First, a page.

Educational Inequalities in Cardiovascular Risk Factor and Blood Pressure Control in the Elderly: Comparison of MESA Cohort and Chilean NHS Survey Outcome Measures

Carolina Nazzal, Steven Shea, Cecilia Castro-Diehl, Tania Alfaro, Patricia Frenz, Carlos J. Rodriguez

Research output: Contribution to journalArticle

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Abstract

Background: Social determinants differ between countries, which is not always considered when adapting health policies and interventions to face inequalities in noncommunicable diseases and their risk factors. Objectives: The study sought to analyze educational inequalities in controlled blood pressure (CBP), obesity, and smoking in study populations from Chile and the United States in 2 periods, both countries with large social inequalities. Methods: The study used data from the first and fifth waves of the MESA (Multiethnic Study of Atherosclerosis) cohort, and the 2003 and 2009 to 2010 Chilean National Health Survey (CNHS) survey outcome measures. The study compared cardiovascular risk factors prevalence as well as relative index of inequality (RII) and slope index of inequality (SII) between the 2 samples. Results: In the CNHS 67.9% and 52.6% of participants had below primary education in 2003 and 2009 to 2010, respectively, compared with 12.3% and 8.1% in the first and fifth waves of the MESA study, respectively. Smoking prevalence was higher and increased in the CNHS compared with the MESA study, concentrated in better-educated women in both years (RII: 0.34; 95% confidence interval [CI]: 0.17 to 0.68; and RII: 0.55; 95% CI: 0.34 to 0.89, respectively). In contrast, smoking decreased over time in the MESA study in all socioeconomic strata, although relative inequalities increased in both sexes (for women, RII: 2.32; 95% CI 1.36 to 3.97; for men, RII: 3.34; 95% CI 2.04 to 5.47). CBP prevalence in both periods was higher in the first and fifth waves of the MESA study (69.7% and 80.2%) compared with the 2003 and 2009 to 2010 CNHS samples (34.2% and 52.3%), but only for the MESA study RII, favoring the better educated, was it significant in both periods and sexes. Obesity inequalities for Chilean women decreased slightly between 2003 and 2009 as prevalence grew in the most educated (RII: 2.21 to 1.68; SII: 0.29 to 0.22, respectively); conversely, they increased for both sexes in the MESA study. Conclusions: The study findings confirm that patterns and trends in prevalence, and absolute and relative inequalities vary by country, suggesting that context and cultural issues matters.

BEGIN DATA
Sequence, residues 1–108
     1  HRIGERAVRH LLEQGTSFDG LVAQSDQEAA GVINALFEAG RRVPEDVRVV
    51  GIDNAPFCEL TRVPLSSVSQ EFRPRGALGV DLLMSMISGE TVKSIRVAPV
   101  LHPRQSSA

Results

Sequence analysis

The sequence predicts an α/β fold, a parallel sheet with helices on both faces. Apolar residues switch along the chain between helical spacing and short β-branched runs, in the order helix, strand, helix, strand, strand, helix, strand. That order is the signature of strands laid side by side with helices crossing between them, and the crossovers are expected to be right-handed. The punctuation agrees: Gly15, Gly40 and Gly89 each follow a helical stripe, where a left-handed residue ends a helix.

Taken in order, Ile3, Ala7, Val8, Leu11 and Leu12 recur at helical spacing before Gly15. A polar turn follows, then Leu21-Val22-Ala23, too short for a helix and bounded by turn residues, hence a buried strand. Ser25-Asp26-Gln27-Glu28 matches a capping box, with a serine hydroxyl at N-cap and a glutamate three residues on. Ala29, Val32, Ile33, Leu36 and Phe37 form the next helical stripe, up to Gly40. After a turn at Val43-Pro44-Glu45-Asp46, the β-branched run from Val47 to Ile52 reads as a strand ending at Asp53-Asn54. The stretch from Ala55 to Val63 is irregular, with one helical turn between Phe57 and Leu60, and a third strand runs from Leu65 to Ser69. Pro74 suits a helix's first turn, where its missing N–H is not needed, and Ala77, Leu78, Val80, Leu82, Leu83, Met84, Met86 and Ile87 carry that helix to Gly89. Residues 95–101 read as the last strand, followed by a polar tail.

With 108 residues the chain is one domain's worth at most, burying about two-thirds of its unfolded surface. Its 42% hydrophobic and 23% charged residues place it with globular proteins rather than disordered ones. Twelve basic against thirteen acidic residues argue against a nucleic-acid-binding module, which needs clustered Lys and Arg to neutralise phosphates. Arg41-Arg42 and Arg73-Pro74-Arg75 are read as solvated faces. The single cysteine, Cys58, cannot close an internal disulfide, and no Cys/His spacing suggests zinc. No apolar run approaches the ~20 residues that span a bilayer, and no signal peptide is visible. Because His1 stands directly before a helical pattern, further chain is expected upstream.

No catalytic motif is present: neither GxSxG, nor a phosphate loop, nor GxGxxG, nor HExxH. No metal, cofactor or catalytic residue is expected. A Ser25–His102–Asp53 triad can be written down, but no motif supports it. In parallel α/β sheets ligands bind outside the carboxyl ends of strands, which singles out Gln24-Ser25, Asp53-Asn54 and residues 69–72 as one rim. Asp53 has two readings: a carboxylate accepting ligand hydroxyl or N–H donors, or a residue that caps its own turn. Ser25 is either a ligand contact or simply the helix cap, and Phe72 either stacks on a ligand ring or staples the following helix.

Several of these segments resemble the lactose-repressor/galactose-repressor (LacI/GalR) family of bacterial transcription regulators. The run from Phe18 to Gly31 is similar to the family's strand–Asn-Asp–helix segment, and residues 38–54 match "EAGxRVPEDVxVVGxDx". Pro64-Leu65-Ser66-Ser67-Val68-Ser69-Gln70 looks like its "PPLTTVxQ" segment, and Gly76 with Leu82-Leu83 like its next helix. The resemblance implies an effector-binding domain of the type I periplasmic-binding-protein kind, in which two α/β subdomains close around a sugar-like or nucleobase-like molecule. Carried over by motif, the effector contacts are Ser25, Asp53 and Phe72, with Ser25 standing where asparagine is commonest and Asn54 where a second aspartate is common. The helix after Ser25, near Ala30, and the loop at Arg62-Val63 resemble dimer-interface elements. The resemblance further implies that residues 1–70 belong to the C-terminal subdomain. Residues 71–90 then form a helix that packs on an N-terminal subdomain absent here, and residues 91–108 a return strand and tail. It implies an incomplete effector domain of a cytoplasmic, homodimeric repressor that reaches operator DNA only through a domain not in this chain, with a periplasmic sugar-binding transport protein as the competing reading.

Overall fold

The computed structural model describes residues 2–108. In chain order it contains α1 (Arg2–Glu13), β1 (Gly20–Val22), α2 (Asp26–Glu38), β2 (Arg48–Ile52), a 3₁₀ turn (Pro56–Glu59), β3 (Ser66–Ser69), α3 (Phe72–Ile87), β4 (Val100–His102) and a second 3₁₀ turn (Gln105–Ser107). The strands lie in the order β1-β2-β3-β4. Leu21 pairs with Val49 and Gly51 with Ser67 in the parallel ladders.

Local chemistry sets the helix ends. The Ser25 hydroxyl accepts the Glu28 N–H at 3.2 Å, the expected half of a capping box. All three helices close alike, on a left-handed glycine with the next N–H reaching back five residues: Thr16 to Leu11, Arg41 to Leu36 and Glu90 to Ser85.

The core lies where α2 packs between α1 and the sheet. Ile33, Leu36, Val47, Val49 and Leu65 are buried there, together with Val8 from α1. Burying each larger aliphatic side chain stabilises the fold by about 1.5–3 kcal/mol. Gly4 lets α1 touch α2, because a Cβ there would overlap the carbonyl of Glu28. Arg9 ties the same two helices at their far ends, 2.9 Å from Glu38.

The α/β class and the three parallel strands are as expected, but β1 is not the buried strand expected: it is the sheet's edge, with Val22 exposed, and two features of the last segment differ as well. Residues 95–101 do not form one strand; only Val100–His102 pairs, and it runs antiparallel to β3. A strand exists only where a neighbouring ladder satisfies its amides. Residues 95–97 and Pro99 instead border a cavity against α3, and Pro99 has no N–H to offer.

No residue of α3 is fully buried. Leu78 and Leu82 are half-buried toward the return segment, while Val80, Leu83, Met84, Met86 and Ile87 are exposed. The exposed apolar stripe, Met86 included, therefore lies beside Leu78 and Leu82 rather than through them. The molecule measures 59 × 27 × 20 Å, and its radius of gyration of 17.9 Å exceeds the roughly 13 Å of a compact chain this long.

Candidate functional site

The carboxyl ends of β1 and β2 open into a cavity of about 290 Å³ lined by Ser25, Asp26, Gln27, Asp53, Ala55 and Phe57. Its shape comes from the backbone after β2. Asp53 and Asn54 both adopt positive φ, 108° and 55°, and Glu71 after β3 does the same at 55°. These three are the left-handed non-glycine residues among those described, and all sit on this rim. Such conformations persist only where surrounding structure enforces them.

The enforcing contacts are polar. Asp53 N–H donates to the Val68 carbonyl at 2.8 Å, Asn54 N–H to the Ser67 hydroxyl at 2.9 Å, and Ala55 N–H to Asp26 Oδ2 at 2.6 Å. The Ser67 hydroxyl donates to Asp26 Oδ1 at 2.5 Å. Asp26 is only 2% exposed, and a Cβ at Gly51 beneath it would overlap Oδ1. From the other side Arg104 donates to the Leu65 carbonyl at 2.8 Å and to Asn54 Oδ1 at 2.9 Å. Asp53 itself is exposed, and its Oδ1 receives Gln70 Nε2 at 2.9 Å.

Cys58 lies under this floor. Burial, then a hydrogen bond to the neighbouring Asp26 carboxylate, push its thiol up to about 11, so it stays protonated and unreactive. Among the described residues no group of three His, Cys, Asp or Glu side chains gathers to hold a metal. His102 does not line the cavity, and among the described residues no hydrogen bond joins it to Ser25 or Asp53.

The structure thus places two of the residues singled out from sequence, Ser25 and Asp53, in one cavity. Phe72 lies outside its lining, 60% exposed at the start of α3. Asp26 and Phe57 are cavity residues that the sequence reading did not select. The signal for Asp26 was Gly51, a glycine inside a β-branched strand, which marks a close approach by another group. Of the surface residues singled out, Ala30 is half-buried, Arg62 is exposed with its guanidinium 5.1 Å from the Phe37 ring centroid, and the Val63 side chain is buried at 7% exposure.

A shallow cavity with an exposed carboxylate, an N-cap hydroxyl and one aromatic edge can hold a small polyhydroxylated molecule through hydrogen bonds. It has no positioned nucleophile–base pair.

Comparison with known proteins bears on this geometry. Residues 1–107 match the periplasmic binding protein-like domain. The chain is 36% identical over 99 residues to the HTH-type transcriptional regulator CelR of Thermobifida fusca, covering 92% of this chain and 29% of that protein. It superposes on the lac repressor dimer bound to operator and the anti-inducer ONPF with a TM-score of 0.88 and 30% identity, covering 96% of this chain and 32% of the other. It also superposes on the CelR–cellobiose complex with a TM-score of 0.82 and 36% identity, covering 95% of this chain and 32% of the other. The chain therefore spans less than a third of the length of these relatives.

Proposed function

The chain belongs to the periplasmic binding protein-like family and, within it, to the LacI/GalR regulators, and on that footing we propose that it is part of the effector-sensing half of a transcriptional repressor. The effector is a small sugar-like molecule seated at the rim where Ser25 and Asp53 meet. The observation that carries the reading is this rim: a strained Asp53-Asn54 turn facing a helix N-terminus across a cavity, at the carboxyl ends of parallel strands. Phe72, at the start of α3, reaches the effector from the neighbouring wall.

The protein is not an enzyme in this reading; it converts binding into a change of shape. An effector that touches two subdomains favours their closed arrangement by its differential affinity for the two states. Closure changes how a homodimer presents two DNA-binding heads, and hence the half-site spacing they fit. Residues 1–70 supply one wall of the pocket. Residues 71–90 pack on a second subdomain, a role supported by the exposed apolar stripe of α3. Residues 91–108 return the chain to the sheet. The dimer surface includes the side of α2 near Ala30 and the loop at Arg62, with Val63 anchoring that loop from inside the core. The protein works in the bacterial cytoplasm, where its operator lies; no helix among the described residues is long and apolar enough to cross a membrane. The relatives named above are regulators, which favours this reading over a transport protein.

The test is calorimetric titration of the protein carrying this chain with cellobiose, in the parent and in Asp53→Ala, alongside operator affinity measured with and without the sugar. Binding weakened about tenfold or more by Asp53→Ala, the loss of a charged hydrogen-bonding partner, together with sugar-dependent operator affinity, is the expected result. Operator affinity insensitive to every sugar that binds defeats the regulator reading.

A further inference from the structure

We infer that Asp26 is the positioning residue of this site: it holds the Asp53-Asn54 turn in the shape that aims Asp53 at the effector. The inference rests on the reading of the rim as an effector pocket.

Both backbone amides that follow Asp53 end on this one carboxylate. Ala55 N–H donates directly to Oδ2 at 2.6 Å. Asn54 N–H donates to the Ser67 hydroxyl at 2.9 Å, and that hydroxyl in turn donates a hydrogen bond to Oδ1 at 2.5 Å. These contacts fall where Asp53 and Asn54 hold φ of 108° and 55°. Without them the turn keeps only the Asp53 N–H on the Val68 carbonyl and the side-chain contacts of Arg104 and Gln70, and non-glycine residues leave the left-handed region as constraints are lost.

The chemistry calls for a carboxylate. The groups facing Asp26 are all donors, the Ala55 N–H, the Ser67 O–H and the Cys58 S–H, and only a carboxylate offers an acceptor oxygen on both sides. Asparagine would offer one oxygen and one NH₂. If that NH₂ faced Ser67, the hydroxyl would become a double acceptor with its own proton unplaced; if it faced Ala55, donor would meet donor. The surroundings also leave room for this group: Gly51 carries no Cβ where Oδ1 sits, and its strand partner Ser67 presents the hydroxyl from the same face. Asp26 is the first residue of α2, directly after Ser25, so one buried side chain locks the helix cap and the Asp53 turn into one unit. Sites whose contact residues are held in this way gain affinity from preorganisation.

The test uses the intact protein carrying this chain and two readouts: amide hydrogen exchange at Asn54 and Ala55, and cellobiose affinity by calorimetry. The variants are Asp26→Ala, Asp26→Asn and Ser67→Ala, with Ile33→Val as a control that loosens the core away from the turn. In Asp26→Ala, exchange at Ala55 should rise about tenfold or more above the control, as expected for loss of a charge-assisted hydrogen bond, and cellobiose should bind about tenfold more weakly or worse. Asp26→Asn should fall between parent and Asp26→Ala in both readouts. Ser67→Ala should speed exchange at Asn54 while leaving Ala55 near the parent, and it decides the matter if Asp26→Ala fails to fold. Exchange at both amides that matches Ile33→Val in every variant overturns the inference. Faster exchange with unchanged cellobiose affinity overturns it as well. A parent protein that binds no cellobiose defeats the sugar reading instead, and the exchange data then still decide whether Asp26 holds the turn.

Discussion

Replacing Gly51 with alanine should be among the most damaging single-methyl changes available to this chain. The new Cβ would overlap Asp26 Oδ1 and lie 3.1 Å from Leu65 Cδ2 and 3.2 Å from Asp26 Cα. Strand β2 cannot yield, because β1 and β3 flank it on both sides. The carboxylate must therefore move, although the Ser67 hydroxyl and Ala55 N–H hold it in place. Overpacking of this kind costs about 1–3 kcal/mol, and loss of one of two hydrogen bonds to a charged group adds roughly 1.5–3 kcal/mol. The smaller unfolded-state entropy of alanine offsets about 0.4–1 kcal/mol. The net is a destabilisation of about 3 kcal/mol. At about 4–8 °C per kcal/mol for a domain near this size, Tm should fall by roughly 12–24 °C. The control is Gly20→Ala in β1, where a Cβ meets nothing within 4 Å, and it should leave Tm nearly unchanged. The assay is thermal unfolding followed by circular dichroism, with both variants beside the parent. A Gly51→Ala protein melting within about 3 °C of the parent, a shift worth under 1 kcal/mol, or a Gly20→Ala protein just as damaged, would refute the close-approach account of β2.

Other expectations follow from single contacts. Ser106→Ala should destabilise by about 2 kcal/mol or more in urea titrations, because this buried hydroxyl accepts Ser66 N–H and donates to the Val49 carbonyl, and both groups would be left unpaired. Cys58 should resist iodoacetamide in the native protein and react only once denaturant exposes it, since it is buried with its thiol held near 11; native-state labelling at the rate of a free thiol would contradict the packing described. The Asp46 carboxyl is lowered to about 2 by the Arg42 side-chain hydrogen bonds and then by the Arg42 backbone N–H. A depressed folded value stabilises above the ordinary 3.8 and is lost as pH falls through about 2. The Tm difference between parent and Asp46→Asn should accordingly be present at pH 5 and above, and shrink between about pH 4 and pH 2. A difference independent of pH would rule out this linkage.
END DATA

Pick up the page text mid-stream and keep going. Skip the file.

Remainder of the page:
Original languageEnglish (US)
Pages (from-to)19-26
Number of pages8
JournalGlobal Heart
Volume13
Issue number1
DOIs
StatePublished - Mar 2018
Externally publishedYes

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Atherosclerosis
Cohort Studies
Outcome Assessment (Health Care)
Blood Pressure
Health Surveys
Confidence Intervals
Smoking
Surveys and Questionnaires
Obesity
Chile
Health Policy
Education

ASJC Scopus subject areas

  • Epidemiology
  • Community and Home Care
  • Cardiology and Cardiovascular Medicine

Cite this

Educational Inequalities in Cardiovascular Risk Factor and Blood Pressure Control in the Elderly : Comparison of MESA Cohort and Chilean NHS Survey Outcome Measures. / Nazzal, Carolina; Shea, Steven; Castro-Diehl, Cecilia; Alfaro, Tania; Frenz, Patricia; Rodriguez, Carlos J.

In: Global Heart, Vol. 13, No. 1, 03.2018, p. 19-26.

Research output: Contribution to journalArticle

Nazzal, Carolina ; Shea, Steven ; Castro-Diehl, Cecilia ; Alfaro, Tania ; Frenz, Patricia ; Rodriguez, Carlos J. / Educational Inequalities in Cardiovascular Risk Factor and Blood Pressure Control in the Elderly : Comparison of MESA Cohort and Chilean NHS Survey Outcome Measures. In: Global Heart. 2018 ; Vol. 13, No. 1. pp. 19-26.